I'm not sure if this is the appropriate forum for that question, perhaps the Business forums would be a better place.
All the same there are multiple points to consider when developing your price model for your business. Google has tons of great content to provide you with the path that works best for you. Also bear in mind that new services are always becoming available as the internet manages to swallow up more and more sales every year. You need to know what market, local or otherwise, that's going to be your customer audience, and develop all services and prices for those people.
What you need to know before making a decision...
Are you developing your pricing model based on your own audit's for time spent to perform tasks, overhead for software, employee costs, etc.?
Are you developing your pricing model off of competitors prices?
If you want to develop your prices based on statistics you may not like what you find. This however is a very accurate method for determining cost effectiveness of providing a service, and how much profit you will actually retain.
You first need to determine a great number of factors, all of which I will not mention here. What are your costs as a business: Software overhead, Insurance, Employee payroll, Annual services that keep you in business like certifications, Partnership costs, etc. Once you have all your numbers together you'll have to do a bit of math to determine how much money you need to make every year to ensure you stay in business. Project how much you want to make yourself, and any business profits that won't be touched (used for advancing your business, etc.), and you're on your way to discovering just how much it costs to stay in business. I would advise talking to an accountant, or another professional who could handle this kind of request easily, as they will most likely know many more "in's and out's" to keep in mind while discovering how to charge for services. This is a common approach for many businesses, but I don't think it's the best method for a small office just starting out. I would advise you to spend time getting to know your current customer base, and asking them how much they would pay for the services you have in mind.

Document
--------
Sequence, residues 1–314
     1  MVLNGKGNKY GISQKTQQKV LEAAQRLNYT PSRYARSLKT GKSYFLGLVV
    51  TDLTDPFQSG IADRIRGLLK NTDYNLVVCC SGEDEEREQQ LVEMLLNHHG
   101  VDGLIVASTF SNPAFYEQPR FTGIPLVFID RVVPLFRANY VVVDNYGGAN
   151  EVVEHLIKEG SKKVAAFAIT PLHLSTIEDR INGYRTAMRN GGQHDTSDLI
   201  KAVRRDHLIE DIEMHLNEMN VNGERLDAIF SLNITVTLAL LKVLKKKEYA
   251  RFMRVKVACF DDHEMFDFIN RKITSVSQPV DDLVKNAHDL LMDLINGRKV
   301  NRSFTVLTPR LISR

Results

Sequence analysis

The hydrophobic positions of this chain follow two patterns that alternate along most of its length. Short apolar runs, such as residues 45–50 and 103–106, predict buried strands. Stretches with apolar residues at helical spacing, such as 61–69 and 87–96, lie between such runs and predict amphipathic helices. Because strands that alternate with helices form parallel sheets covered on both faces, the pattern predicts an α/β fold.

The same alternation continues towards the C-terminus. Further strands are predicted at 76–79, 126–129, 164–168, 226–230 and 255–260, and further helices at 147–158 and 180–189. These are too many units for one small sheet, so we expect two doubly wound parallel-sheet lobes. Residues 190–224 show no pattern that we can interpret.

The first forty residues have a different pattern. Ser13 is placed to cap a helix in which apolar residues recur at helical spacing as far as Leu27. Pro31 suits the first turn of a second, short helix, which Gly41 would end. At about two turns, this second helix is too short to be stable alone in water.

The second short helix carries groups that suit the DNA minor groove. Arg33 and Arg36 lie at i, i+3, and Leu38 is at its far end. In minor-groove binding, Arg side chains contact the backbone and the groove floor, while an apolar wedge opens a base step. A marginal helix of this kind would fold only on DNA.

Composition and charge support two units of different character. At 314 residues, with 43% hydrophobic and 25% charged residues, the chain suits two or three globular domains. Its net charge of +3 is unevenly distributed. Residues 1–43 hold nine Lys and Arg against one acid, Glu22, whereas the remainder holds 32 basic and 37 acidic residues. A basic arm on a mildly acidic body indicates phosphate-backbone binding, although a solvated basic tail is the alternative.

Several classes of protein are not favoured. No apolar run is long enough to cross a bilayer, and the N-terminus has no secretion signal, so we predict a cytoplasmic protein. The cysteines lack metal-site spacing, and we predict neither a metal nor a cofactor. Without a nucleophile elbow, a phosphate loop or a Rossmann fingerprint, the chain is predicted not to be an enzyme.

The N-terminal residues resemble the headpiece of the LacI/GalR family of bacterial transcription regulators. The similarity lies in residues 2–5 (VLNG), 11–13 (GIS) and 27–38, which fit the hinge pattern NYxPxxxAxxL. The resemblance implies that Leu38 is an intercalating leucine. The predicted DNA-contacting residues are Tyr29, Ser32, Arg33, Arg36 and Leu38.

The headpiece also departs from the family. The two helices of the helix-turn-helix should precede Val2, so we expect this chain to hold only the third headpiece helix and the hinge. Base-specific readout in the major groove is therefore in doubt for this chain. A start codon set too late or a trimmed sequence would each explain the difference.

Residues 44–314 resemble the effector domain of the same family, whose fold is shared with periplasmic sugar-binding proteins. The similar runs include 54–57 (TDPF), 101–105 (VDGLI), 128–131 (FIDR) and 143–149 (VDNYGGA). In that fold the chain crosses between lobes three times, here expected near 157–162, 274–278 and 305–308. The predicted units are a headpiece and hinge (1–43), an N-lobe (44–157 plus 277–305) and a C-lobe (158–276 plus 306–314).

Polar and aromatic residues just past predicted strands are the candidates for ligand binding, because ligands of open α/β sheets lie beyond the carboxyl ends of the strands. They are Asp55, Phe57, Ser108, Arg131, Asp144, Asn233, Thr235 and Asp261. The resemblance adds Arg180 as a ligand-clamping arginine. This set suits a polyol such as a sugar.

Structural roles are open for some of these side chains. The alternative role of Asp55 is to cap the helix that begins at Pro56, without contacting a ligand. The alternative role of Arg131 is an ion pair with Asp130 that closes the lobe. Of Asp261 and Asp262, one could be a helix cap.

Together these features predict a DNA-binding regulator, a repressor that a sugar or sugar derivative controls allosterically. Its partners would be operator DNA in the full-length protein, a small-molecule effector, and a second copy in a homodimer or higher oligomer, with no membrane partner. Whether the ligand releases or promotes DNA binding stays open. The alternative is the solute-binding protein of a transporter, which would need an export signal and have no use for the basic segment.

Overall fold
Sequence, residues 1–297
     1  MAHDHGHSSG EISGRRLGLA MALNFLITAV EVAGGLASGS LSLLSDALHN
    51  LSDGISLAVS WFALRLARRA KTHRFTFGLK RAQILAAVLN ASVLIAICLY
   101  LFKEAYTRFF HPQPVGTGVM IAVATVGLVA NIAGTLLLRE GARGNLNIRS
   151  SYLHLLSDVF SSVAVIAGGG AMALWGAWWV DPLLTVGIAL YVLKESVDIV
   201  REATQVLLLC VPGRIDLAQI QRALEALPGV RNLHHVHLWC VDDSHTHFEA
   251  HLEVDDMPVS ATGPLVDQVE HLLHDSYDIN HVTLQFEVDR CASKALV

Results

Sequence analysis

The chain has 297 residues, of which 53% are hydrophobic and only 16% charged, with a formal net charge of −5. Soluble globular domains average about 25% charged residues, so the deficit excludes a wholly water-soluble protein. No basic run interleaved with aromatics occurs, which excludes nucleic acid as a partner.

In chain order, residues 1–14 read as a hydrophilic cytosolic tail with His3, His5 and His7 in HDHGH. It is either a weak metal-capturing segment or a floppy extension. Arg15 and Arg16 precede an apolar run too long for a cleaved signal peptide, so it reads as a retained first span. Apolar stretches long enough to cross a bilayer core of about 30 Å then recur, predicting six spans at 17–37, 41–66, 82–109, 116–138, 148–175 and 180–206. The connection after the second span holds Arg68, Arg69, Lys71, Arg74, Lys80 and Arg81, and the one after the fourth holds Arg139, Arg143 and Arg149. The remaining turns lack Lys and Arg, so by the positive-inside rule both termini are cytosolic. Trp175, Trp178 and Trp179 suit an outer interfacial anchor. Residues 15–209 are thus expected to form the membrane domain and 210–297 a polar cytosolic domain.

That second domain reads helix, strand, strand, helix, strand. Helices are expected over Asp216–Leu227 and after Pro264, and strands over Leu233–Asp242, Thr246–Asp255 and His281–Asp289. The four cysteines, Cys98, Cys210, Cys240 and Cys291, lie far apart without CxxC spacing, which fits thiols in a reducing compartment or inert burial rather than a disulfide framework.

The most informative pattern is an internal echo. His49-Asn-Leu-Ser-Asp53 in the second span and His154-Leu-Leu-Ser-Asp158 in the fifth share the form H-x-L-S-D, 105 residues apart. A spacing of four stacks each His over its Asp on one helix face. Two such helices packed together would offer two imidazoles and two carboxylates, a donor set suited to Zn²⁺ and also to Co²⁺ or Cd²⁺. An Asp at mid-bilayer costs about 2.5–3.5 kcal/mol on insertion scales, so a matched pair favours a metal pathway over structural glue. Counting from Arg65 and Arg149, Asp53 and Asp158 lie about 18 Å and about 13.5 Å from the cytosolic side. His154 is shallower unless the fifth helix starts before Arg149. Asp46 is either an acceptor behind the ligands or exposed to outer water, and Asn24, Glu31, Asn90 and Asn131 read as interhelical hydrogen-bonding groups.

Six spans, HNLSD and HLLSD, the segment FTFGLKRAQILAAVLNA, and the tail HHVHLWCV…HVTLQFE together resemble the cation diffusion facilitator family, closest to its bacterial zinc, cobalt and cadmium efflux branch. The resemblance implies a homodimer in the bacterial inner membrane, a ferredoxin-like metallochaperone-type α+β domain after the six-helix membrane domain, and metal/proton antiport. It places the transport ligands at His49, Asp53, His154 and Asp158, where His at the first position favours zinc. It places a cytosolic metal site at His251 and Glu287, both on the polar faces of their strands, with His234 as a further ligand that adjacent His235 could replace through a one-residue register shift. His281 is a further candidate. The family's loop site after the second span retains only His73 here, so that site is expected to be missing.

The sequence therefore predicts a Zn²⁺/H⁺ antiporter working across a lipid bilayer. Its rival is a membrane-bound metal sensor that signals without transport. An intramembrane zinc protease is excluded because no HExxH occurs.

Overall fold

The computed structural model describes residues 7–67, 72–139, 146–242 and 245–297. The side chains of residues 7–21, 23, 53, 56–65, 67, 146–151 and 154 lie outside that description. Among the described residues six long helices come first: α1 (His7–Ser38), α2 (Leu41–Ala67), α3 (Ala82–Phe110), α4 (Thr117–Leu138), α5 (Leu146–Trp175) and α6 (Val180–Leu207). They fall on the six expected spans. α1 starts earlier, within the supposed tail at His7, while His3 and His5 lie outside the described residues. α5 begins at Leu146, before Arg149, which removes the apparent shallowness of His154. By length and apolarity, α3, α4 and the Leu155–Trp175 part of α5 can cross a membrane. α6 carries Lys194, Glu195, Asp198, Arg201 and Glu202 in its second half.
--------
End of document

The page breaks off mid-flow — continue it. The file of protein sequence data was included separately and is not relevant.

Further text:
If you want to undercut your competitors I have a few opinions.
I believe undercutting is not always the solution, as a quality service can sustain itself in a market all on it's own. People may associate your price cuts with your competitors as a cheap way to do business. Your prices at a glance will infer an understanding of your business image as a whole. $20 to completely repair a pc will always sound and look cheap. $400 for complete warranty repairs and 24/7 coverage will always make people know you mean serious business. Bearing these facts in mind, tread carefully when basing prices off of your competitors. This is the method I started my business with, but have since moved away from it as business has grown.
There are ton's of great online apps that can help you keep track of your information. I strongly recommend you do some searching for online survey app's like surveymonkey. I believe it's crucial to know what your customers want to buy, before you try to sell something to them. You may end up undercutting yourself, or providing too much when it is not required.
I hope this is of some use to you.